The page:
The history of the Aero Press is pretty fascinating. It was invented by the guy who came up with the Aerobie Frisbee.

Hario V60 – The Hario ended up being my preferred brewing method. It’s a pour over device. You place it over your mug, place in 16-20g of ground coffee, and pour in 220g of 200 degree water. Ideally you bloom the coffee for 30 seconds.

Like anything, when paired with fresh beans, a great grinder, and kettle, this is the purest form of coffee drinking. For the first time in my life I could taste all the flavors in each single origin coffee we get from Blue Bottle. Coffee from Africa tastes different than coffee from Costa Rica.

I purchase the Hario unbleached filters to go along with this.

So for me, this is the gold standard of making coffee. But it’s not very efficient for making 4 or more cups. It’s great for 1 cup.

Before I discuss our final coffee device, I wanted to briefly cover Beans, Water, Grinding and Measurement.

Beans – For over a year we’ve been getting our beans shipped to us by a company called Tonx which was purchased by Blue Bottle. We have the single origin subscription and get two 8oz bags of coffee every 2 weeks. They are roasted right before shipped, and we grind them right before using them. During that time we store them in an air tight container – we use the AirScape  which you can get from Crate & Barrel or William-Sonoma.

Grinder – A good quality grinder is a must. Hand grinding works well for a single cup and a single drinker. For anything more, a simple high quality grinder is an investment worth having. The Baratza Encore is the gold standard high quality grinder. I’ve tried a lot of grinders and I can tell you look no further. This thing weights a few pounds as it has a beefy low RPM motor. It’s quiet and it grinds well. And it’s made in Seattle.

Kettle – The Bonavita 1-Liter Variable Temperature is the best for a pour over system. Don’t even look at anything else. This thing rocks. We dial it in at 200 degrees, turn it on, and minutes later it’s done. The goose neck allows you to control the pour so you don’t scold anything and you can perform a proper Bloom.


Scale – A lot of cooks rely on a scale these days. I believe a good quality scale is an essential kitchen gadget. This is true for coffee where it’s incredibly useful for measuring coffee and water. I also forgot that when it comes to the metric system, a gram of water is equal to a ml of water. So this makes it easy to deal with ratio of coffee to water. A scale I happen to like a lot for pour over coffee is the Hario Coffee Drip Scale/Timer. It only measures in grams, and it has a timer with auto shutoff. I usually use 18g of coffee and 220g of water. I place the mug on the scale, the pour over V60 on the mug (with a wet filter) and zero the scale. Then I add 18g of ground coffee, zero again, 18g of water to bloom, wait 30 seconds and then add the remaining 202g of water. If I got it right, the scale will read 220g when I’m finished pouring water. Then I let gravity do the rest.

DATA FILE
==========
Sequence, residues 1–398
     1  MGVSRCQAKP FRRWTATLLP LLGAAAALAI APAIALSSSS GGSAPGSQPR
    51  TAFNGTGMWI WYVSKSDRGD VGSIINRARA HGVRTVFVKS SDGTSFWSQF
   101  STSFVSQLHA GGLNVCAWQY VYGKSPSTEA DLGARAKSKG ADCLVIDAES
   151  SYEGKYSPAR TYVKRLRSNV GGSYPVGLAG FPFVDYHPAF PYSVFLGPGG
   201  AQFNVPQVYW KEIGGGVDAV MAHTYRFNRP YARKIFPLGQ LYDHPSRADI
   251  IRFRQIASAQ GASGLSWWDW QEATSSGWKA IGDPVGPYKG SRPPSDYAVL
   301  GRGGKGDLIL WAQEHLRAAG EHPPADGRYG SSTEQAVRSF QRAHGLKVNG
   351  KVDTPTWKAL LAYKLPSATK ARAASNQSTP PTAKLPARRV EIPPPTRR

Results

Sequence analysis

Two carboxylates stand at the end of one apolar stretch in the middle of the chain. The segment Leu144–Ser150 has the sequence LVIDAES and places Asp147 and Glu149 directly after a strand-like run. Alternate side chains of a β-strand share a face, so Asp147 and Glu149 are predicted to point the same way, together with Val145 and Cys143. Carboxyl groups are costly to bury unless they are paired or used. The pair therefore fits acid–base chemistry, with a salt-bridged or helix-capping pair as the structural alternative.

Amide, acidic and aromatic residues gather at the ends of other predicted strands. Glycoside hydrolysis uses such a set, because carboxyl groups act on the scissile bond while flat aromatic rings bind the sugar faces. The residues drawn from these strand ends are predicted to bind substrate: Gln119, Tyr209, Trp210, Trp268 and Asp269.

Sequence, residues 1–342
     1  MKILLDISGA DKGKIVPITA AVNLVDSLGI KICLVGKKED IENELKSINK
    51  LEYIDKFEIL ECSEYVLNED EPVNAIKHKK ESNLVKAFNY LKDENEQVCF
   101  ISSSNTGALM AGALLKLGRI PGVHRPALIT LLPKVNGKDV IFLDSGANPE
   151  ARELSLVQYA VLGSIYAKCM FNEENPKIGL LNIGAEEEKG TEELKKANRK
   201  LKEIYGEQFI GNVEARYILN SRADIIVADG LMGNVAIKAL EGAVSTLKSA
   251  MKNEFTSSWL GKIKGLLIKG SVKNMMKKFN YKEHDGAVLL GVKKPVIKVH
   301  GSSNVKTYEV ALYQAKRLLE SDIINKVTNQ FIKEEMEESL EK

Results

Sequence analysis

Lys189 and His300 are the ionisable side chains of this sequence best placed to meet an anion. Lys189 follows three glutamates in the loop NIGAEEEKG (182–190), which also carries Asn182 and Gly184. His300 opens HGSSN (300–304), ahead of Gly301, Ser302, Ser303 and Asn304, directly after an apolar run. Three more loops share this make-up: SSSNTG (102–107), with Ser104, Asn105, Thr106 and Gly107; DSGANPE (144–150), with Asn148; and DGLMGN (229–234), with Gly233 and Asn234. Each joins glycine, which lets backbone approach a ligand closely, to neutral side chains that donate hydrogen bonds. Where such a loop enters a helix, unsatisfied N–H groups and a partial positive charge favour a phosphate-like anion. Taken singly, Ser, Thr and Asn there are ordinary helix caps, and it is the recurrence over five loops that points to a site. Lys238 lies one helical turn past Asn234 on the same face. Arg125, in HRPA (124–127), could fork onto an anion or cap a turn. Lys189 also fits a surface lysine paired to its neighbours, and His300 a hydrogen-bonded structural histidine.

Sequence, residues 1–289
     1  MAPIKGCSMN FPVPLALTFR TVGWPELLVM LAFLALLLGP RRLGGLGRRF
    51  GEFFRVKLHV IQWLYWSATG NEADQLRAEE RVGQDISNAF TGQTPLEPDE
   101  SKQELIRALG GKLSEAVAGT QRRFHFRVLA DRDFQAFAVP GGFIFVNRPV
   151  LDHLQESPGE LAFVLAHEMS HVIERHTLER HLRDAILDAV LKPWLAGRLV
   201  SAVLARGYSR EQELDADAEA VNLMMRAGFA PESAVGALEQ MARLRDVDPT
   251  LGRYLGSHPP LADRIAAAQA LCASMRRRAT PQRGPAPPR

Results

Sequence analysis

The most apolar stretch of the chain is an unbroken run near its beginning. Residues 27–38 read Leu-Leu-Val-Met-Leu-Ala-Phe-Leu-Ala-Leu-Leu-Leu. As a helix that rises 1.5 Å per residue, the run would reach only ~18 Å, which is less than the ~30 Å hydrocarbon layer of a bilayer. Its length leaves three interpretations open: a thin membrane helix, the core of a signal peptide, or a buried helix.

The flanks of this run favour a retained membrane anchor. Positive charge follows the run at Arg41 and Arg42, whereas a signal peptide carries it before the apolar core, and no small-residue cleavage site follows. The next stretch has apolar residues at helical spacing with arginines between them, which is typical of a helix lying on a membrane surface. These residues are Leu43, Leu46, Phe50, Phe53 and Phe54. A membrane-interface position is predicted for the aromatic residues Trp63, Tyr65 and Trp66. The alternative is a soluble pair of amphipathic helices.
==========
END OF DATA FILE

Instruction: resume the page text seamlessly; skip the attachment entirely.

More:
So, now that we’ve got the pour over technique and equipment out of the way, what did I settle on?

A quick note btw. It was the advent of the pour over system, and the quality of the coffee that cause my wife and I to realize that years of drinking from the Jura Super Automatic was not all that great. The V60 produced such an incredibly good perfect cup, that we could not deal with the cardboard taste of a cafe crema. I was not in search of anything to replace this, that is, until I read a blog post from my friend Kelsi.

Wilfa Precision Coffee Maker - This guy just arrived state side and Williams-Sonoma is the only place you’ll find it. Think of this device as an automated pour over coffee machine. It’s in the same league as the Technivorm Moccamaster, but less “coffee machine” and more “pour over” machine.

This thing is a work of art. I purchased it in black. It lives up to the hype. We can make 8 cups of coffee that tastes nearly as good as coffee from the V60. I’ve measured the temperature a few times and it’s in the 195 – 200 degrees range. It does not Bloom the coffee unfortunately, but it does have a neat volume flow control that allows you to control how long the water stays in contact with the beans. And it has a clever carafe with markings on it for the amount of water and coffee to use. For example, 250ml / 17g, 500ml / 33g etc. This makes for simple coffee production early in the morning.